The laws and policies that have governed and supported racist attitudes against minorities for centuries are wholly baked into the foundation of this country. The very first statutes written serve as proof that race played a role in every aspect of life in Colonial America, from laborers and taxes, to sex and marriage, says one expert.
“It does not require racist intentions to produce racist outcomes,” said Dr. Catherine Kerrison, Professor of History at Villanova University, during her lecture “The Construction of Race: Slavery, the Law, and Society,” the second online session of The Richard K. Bennett Distinguished Lectureship Series, “Racism in America: Understanding the History of Slavery and its Impact on American Culture.” “A nation of well-intentioned people can still produce racist outcomes if they do nothing about these systems.”
During the first session of the series, Dr. Aaron Shatzman, Dean of Social Sciences at Montgomery County Community College, told the origin story of slavery in North America and how it paralleled the exploration of the New World beginning in the late 15th century. Shatzman ended his lecture on the shores of Jamestown in Colonial Virginia as the first slaves arrived in America.
Kerrison’s lecture picked up where Shatzman left off, by examining a series of laws passed by the Virginia House of Burgesses (the colonial assembly) and tracing the incremental and intentional steps that led to institutional racism in this country. Kerrison used Virginia as a case study to explain the attitudes across all of the colonies during this time.
With each law she presented, Kerrison asked two main questions: What are its deeper implications and what did the legislators stand to gain from it? She also explained why it is possible to have racist outcomes even without racist intentions: that is, the way in which the law institutionalizes racist attitudes while it also promotes and legitimizes racist practices, in mutually reinforcing ways.
Among the laws Kerrison presented included gun ownership, gender roles among races, sexual relationships between races, and laws governing the unintentional death of a slave.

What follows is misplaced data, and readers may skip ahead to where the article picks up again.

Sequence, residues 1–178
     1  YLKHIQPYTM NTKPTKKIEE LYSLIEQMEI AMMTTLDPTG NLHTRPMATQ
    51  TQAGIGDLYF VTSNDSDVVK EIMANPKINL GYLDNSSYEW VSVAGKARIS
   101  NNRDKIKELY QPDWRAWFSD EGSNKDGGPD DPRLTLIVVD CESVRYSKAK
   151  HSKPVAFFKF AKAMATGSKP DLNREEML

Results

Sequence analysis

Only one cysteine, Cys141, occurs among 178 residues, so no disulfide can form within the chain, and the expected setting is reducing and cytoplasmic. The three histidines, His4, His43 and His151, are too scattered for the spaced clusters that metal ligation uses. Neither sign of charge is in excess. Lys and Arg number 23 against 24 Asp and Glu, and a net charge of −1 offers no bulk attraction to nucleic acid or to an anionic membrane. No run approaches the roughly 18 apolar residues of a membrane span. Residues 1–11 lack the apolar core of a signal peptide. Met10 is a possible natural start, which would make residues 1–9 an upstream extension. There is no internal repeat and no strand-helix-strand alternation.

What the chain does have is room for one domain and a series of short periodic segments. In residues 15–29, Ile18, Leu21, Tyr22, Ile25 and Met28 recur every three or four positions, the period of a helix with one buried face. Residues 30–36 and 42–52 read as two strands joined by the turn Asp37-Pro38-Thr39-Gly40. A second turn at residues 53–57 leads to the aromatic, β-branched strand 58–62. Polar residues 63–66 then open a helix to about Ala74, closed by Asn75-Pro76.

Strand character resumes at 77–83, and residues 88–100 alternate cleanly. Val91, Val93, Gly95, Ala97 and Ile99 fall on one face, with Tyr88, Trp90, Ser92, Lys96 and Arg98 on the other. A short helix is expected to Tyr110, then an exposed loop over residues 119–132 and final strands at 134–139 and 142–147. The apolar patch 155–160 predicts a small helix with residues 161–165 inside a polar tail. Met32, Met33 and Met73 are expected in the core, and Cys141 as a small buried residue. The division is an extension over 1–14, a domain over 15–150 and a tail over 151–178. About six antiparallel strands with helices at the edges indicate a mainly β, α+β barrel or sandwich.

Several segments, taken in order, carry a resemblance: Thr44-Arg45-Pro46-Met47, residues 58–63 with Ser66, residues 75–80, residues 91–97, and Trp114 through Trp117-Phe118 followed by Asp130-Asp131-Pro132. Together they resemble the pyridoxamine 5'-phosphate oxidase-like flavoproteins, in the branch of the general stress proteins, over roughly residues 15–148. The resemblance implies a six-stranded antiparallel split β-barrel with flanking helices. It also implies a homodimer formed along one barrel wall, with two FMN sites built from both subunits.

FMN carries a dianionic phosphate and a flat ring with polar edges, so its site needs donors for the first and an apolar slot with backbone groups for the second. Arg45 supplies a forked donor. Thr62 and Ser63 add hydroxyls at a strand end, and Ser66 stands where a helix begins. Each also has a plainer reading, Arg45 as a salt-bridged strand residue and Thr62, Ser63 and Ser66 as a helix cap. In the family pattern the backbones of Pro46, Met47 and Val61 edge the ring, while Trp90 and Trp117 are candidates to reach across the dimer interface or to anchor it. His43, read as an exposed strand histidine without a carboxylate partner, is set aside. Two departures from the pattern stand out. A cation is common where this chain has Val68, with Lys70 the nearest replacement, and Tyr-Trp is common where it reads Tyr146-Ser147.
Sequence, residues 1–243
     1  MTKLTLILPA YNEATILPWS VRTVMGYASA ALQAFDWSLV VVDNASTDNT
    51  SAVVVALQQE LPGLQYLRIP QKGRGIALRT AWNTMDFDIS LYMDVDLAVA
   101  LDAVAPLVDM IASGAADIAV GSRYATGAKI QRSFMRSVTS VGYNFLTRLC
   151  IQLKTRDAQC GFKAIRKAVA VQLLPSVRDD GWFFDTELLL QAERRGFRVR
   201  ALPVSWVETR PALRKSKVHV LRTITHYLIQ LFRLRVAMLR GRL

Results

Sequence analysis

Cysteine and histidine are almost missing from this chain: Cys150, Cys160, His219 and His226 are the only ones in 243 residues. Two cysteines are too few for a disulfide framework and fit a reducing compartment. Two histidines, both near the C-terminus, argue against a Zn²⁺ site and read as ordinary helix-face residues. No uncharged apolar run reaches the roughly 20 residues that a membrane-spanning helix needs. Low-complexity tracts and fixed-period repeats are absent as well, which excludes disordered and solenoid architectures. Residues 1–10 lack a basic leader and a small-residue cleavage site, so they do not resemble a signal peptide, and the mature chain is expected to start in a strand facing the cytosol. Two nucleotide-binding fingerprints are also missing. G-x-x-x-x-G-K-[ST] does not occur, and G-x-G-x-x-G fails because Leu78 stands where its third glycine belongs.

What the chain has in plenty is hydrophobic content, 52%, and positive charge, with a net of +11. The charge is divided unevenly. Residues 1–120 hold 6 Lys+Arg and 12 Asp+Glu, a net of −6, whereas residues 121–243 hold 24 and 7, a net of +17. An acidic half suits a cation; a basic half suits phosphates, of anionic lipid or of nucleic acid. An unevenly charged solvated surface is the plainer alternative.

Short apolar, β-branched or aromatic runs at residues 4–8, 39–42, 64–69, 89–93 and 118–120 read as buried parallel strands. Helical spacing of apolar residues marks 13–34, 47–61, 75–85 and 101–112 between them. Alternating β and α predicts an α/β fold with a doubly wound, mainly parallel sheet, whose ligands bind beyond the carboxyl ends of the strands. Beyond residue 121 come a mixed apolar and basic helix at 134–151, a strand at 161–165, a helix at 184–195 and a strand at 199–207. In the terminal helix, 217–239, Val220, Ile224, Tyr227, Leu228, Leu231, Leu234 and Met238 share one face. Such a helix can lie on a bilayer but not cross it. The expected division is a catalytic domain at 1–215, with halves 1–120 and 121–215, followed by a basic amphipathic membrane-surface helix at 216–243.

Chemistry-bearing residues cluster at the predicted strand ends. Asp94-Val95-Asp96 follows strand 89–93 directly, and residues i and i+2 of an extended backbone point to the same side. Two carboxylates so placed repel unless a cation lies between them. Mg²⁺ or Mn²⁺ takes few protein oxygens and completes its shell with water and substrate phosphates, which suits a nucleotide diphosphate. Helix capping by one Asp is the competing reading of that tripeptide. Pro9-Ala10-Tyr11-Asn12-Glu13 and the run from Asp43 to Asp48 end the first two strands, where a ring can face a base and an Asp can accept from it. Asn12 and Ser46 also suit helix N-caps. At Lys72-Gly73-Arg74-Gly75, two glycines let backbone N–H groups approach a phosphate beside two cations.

In 1639, the House of Burgesses passed a law that mandated every man equip himself with a gun and ammunition to prepare against attacks by Native Americans. However, Africans were exempt. Then in 1680, the House passed a law that forbid enslaved people from owning a gun. Finally, in 1738, all Black people were forbidden from owning a gun.
“The use of guns becomes a mark of white masculinity,” said Kerrison. “It’s one of many ways the House of Burgesses stripped African men of their concepts of masculinity.”
Kerrison drew a line from these laws to present day images of armed white supremacist groups parading through Charlottesville, Va. or the Michigan state capitol building. “They freely make their way through the streets and they also get to go home safely,” she said.
African women were also targets of racist laws. African women were required to work the tobacco fields as farmers, while white English women were considered too gentle for heavy labor and were required to stay at home and take care of domestic responsibilities.
Lastly, one of the most culturally significant laws passed in 1662 dealt with the status of the children born from sexual relations between white men and enslaved Black women. The law reversed European tradition that the child would hold the same status as the father, which was to be a free person upon birth. Instead, the child took on the bonded status of their enslaved mother. In addition, if an enslaved man had a child with a woman of any race, he was stripped of paternity over the child.